Lead paint was banned in the U.S. in 1977 by the Consumer Product Safety Commission to reduce the risk of lead poisoning in young children who ingest paint chips or peelings. The ban also applied to toys and furniture coated with lead paint. If your home was built in 1978 or later, you probably don't have much to worry about. However, if you home was built before 1978 there is a good chance that lead paint is lurking behind layers of fresh paint. Homes built before 1960 have the most amount of lead paint. How Do Children Get Lead Poisoning?
The common perception is that children are poisoned by eating paint. But, according to the U.S. Department of Housing and Urban Development (HUD), most children are poisoned by invisible lead dust created when paint chips, peels, or is damaged or disturbed. This dust settles on surfaces where it can get on children's hands and toys and eventually finds its way into their mouths. HUD lists windows, trim, doors, railings, columns, porches and outside walls as the most likely places to find lead.Does My Home Have Lead?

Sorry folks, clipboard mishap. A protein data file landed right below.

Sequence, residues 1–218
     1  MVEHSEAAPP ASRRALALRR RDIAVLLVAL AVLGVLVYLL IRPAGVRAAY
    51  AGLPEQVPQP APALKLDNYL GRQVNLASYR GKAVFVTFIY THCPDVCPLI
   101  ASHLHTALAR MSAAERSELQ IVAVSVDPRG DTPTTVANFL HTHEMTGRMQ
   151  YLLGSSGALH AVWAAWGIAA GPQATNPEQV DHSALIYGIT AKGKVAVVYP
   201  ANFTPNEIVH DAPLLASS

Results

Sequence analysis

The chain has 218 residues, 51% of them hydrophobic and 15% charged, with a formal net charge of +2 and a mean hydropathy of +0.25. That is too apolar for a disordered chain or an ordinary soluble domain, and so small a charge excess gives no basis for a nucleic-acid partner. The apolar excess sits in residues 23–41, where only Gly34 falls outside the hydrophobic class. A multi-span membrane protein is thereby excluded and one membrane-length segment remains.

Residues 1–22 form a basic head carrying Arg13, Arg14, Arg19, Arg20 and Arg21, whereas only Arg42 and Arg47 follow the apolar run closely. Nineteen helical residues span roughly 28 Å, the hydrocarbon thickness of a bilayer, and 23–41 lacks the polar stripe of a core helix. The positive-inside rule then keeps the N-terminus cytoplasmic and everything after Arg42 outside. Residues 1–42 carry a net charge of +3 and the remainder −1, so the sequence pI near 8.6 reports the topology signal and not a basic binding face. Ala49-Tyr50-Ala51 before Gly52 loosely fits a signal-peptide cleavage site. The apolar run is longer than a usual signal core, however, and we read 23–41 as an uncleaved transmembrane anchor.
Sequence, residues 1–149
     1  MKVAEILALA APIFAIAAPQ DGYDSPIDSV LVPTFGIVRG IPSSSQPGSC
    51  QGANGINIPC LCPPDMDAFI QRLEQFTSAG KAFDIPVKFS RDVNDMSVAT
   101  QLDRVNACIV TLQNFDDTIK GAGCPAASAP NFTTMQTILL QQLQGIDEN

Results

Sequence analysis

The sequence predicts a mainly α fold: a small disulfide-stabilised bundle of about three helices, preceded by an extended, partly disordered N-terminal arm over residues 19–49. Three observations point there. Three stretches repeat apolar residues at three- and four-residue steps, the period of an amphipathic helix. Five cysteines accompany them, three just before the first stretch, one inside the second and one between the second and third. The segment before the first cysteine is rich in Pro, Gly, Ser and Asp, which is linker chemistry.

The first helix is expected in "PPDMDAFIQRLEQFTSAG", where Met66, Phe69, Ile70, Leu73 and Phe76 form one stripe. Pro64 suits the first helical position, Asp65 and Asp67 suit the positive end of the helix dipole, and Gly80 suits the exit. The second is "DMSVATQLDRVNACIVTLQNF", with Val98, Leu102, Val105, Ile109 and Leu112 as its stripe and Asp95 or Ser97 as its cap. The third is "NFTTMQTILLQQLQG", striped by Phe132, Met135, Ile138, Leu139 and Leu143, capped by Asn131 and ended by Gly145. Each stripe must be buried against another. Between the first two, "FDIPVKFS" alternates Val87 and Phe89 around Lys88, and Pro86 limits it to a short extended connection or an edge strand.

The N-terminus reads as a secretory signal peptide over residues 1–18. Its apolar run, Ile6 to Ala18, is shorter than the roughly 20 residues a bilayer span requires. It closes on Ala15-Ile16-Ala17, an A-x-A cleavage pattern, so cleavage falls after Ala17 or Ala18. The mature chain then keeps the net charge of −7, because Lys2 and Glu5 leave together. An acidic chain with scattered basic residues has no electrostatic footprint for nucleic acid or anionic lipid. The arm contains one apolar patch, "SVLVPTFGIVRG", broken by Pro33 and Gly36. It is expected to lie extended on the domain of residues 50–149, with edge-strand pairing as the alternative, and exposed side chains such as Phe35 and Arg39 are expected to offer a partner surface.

If you live in a home built before 1978 and want to know whether lead is present, contact a home inspector
. Home testing kits are also available, but a professional inspector is trained to detect lead in the home and provide recommendations on how to reduce or eliminate the threat.If you are doing any home remodeling or renovation, be aware that any scraping, sanding or otherwise disturbing lead paint can release lead dust into the air. Children and pregnant women should always be kept away from the work area. As of April 2010, the U.S. Environmental Protection Agency requires all renovators working in a home built prior to 1978 and who will disturb more than six square feet of lead paint to be RRP (Renovation, Repair, Painting) certified. If you are doing the work yourself, make sure to follow all safety precautions for dealing with lead. Due to the potential for serious health problems for yourself and others, you may want to seriously consider hiring a professional.
We've all heard the horror stories about the dangers of lead paint in older homes. Lead paint poses a threat to adults, but is especially dangerous for children under the age of six and pregnant women. Lead poisoning may cause a host of problems, some of which are: learning disabilities, speech and language problems, damage to the nervous system, stunted growth, kidney damage and hearing loss.